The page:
The Best Time to Hire An Attorney Is Now
Stop waiting. Just hire somebody. If you are asking yourself the question, “When should I hire somebody?” the answer is now. Because if you’re asking the question, you’re probably really busy. You probably have the work to hand off to somebody.
When I first hired people, I didn’t think they would be able to do it as good as me. And you know what? That’s probably true. However, if the folks that are working in my firm are an 8 of 10 of me or a 9 of 10 of me, which everybody here is at least that, they’re going to do just fine. The occasional time that they don’t do it as well as I would have done it, it’s not going to end the practice. It’s not going to be a major problem. The only thing that’s going to happen is I may have to step in and correct course a little bit. But it is a very cathartic thing to say, “You know what? I don’t have to do everything anymore.”
You don’t wait for the perfect moment to hire somebody. You don’t wait for that big client to walk in, and all of a sudden you have all this work, and now you’re going to hire people to fulfill that workload. You need to hire people so that you can pull yourself out of doing the work and go grow your firm.
Understand Your Law Firm Numbers
The one thing you need to make sure is in place as you’re looking to hire someone is that you understand the fundamentals of your numbers. In other words, you need to have good and accurate and current books.
I have seen solo practitioners that will send clients a bill once every three or four months because they just don’t get around to it. I know solo practitioners that have no idea how much money they are making or not making until they sit down in December.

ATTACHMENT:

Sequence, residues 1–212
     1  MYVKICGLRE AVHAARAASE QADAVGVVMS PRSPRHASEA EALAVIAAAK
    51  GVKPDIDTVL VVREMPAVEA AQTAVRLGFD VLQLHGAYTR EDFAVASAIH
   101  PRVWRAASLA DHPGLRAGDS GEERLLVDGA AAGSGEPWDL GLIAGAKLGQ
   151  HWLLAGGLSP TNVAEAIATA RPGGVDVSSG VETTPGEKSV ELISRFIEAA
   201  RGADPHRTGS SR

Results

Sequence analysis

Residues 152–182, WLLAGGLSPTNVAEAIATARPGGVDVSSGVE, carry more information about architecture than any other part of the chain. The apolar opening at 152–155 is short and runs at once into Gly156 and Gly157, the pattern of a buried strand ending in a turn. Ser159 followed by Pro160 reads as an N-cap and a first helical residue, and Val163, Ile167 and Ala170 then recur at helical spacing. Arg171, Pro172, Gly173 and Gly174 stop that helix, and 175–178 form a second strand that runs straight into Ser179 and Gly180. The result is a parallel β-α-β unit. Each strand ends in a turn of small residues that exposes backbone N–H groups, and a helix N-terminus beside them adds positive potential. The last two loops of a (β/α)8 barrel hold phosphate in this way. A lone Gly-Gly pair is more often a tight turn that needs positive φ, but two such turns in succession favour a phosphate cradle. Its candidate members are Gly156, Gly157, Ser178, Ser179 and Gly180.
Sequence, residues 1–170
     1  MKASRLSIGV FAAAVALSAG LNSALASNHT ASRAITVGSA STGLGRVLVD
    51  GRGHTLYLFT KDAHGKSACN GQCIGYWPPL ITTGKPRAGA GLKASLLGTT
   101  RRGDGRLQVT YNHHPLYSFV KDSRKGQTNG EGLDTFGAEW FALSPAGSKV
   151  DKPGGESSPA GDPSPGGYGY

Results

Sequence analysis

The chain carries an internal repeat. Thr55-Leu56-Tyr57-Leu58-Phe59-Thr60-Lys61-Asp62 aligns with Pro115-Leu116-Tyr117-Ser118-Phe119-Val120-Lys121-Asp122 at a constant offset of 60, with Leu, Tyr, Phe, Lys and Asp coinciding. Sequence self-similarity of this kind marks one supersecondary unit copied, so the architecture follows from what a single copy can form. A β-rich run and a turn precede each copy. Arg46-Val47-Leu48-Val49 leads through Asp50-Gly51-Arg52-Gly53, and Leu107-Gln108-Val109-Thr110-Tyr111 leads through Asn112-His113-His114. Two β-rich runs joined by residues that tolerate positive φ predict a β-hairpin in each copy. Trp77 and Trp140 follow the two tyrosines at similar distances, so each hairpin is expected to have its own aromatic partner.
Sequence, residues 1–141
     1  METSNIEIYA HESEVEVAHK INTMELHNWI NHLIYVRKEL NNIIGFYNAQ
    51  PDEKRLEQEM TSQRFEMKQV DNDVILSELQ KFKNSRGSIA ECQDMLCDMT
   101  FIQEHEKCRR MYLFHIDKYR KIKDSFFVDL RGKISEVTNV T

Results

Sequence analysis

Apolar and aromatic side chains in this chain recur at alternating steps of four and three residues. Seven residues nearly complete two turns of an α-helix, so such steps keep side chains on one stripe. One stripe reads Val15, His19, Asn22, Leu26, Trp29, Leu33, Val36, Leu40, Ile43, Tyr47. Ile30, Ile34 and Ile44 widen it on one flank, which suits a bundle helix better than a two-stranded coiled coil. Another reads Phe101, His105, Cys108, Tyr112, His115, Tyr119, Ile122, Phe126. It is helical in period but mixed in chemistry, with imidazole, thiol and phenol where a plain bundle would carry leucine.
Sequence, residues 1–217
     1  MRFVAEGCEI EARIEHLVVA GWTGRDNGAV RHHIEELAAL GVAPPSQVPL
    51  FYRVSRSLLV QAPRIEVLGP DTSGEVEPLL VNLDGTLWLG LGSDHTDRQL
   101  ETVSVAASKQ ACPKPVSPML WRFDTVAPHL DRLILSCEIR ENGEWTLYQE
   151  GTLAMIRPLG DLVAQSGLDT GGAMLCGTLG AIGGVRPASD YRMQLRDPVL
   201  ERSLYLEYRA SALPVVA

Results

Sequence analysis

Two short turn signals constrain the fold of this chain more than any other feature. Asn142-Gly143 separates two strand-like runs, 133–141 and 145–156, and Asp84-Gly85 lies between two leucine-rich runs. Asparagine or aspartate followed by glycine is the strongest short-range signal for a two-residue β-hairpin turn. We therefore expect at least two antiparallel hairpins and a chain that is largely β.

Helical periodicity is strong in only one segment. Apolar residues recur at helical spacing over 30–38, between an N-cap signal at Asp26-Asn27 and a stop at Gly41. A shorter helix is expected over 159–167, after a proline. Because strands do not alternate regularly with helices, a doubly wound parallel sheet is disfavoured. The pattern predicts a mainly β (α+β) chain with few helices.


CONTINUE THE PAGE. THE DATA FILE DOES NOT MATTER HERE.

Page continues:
Every 30 days, your invoices have to go out, and you have to have a system for that. There’s plenty of people out there that can help you with that if you need it. Hire a bookkeeper to update your books monthly too.
If you don’t know your numbers, you really can’t determine if you can afford somebody. You need to make sure you can at least afford the salary. You don’t want to bring somebody in and have $0 to pay them. So, you make sure you can afford this person and just know that even if you make $0 that first year, you’ll be okay financially. However, as time goes on, you can look at your revenue. Is it increasing? What about your profit? If your numbers show a profit, then you know you made the right decision and that the employee is doing their job. If you don’t know your numbers, you can’t make these decisions.
If you’re hiring one or two people a year, whether it’s an attorney or paralegal, that should enable you to grow your practice, and it shouldn’t be too jarring at any one point in time. It’s just a slow and measured growth.
If you have any questions about when to hire a new attorney in your law firm, feel free to send me an email at firstname.lastname@example.org. You can also follow the show on YouTube, LinkedIn, Facebook, and Instagram.